Solomon’s Temple

King Solomon’s reign has been called Israel’s Golden Age. Under him, the Israelites possessed almost all of the land God promised them (1 Ki. 4:21, 24).1 They lived in complete security, peace, and rest; and Solomon built the magnificent Temple of the Lord on Mount Moriah in Jerusalem, “where the LORD had appeared to his father David” (2 Chr. 3:1).

Solomon knew the serenity of his kingdom was God’s doing: “Now the LORD my God has given me rest on every side; there is neither adversary nor evil occurrence” (1 Ki. 5:4). Nevertheless, he put formidable safeguards in place. He erected massive fortifications and walls and acquired thousands of chariots and horses (the equivalent of today’s armored fighting vehicles), which he stationed in strategic locations throughout Israel, along with supplies (9:15–19; 2 Chr. 8:3–6; 9:25).

But the greatest honor God gave Solomon was the privilege of building Him a house in Jerusalem (1 Chr. 22:10). David had wanted desperately to build the Temple. But David was a man of war who had shed much blood (28:3). Although God gave David the blueprint and David provided most of the building materials (28:11–19; 29:19), God chose Solomon to build the structure because Solomon’s reign would see peace.

Over seven years, Solomon built a magnificent stone house for God (1 Ki. 6:7, 38). The Temple had three parts: the porch; nave, or Holy Place; and holy of holies. Together, they measured approximately 120 feet long and 34 feet wide. The porch was 207 feet high, while the rest of the building was 52 feet high.2

Two enormous, beautifully decorated bronze pillars stood guard at the entryway (7:15–22). The building’s interior had cedarwood walls, cypress wood floors and doors, and olive wood doors (6:15, 31, 34). All the wood was overlaid with pure gold and engraved with images of cherubim, palm trees, and open flowers (vv. 21–22, 29, 32, 35).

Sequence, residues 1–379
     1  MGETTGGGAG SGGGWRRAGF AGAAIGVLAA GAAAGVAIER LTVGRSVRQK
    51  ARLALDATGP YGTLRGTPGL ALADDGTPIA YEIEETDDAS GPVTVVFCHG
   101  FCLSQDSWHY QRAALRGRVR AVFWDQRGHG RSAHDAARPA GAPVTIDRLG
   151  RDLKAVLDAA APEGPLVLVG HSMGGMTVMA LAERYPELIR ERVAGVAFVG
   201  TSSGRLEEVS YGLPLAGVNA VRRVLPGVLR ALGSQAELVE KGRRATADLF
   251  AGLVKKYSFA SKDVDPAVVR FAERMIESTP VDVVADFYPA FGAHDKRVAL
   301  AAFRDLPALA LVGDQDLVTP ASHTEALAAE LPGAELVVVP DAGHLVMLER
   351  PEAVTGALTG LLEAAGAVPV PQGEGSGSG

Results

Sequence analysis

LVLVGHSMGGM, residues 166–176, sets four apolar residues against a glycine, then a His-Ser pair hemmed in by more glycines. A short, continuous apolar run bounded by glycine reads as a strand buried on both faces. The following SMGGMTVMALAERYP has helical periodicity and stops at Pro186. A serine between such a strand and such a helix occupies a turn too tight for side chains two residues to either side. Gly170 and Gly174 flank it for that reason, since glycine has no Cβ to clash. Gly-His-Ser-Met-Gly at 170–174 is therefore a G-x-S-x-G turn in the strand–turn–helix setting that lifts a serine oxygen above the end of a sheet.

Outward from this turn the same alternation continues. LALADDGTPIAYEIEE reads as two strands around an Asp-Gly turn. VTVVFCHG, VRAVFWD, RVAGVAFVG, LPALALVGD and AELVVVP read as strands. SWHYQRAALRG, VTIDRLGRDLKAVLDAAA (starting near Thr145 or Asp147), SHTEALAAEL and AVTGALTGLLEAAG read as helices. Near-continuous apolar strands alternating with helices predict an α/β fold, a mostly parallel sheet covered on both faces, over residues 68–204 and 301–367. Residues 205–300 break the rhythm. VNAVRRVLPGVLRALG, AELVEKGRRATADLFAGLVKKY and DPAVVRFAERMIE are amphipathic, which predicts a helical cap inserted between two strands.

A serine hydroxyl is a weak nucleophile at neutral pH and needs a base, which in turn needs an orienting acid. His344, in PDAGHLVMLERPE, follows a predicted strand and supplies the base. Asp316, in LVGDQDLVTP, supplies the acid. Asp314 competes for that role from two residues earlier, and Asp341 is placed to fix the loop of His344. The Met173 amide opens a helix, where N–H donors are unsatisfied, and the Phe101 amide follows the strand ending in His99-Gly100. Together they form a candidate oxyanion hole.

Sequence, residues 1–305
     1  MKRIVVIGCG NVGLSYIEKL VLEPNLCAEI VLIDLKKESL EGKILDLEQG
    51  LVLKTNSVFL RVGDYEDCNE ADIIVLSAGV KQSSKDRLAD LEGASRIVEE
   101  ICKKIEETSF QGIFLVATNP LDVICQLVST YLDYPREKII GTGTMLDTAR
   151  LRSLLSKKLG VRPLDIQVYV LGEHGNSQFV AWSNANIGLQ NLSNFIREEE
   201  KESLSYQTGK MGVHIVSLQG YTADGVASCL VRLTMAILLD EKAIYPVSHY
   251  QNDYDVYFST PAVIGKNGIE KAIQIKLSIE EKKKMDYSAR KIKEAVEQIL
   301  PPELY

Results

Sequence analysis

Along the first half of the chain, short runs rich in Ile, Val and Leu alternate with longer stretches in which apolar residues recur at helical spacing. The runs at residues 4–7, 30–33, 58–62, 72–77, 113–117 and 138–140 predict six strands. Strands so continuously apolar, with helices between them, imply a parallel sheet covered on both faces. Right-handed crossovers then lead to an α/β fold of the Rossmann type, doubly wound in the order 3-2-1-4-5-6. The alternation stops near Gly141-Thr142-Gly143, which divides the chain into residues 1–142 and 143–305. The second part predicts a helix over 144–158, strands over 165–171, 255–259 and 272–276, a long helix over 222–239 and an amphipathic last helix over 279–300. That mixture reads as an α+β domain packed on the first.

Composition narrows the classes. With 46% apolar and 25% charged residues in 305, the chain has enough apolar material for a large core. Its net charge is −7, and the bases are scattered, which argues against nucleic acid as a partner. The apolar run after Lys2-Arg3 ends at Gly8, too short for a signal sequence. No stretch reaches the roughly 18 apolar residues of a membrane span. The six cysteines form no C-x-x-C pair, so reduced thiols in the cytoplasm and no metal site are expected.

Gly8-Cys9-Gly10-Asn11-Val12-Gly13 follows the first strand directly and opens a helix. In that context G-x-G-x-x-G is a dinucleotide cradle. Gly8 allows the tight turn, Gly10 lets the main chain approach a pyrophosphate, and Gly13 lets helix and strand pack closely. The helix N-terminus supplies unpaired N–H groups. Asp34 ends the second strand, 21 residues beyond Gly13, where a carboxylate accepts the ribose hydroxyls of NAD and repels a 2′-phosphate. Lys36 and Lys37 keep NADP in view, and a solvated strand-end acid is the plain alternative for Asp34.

Amazingly, the Temple “was built with stone finished at the quarry, so that no hammer or chisel or any iron tool was heard in the temple while it was being built” (v. 7). It’s difficult to imagine such an accomplishment even today.

In the innermost sanctuary (holy of holies), two 17-foothigh olive wood cherubim, overlaid with gold and with wings outstretched, overshadowed the gilded Ark that contained the two stone tablets of the Mosaic Covenant (vv. 23–28; 8:6–7, 9).

But the Temple’s stunning splendor was not what distinguished or brought honor to Solomon and his kingdom. What distinguished Israel—what no other nation to this day can claim—was the presence of the living God in its midst.

After Solomon dedicated the Temple to the Lord, offering prayers and sacrifices, “fire came down from heaven and consumed the burnt offering and the sacrifices; and the glory of the LORD filled the temple” (2 Chr. 7:1). God was dwelling among His beloved people Israel. In response, the Israelites “bowed their faces to the ground on the pavement, and worshiped and praised the LORD, saying: ‘For He is good, for His mercy endures forever’” (v. 3).

Unfortunately, the Israelites did not remain loyal to God; and in 586 BC, approximately 380 years after its completion, Solomon’s Temple was burned to the ground by the Babylonians; and the Jewish people were exiled to Babylon.

ENDNOTES
    1. See Numbers 34:1–15. Solomon ruled from the Euphrates River to the border of Egypt (probably Wadi al-Arish). He did not possess or rule Phoenicia (Lebanon), which was part of the promised territory; but he did have an alliance with the Phoenicians (1 Ki. 5:1–12).
    2. See 1 Kings 6:2–3 and 2 Chronicles 3:3–4. Measurement is based on the royal cubit of 52.5 centimeters. See Randall Price with H. Wayne House, Zondervan Handbook of Biblical Archaeology (Grand Rapids, MI: Zondervan, 2017), 130.

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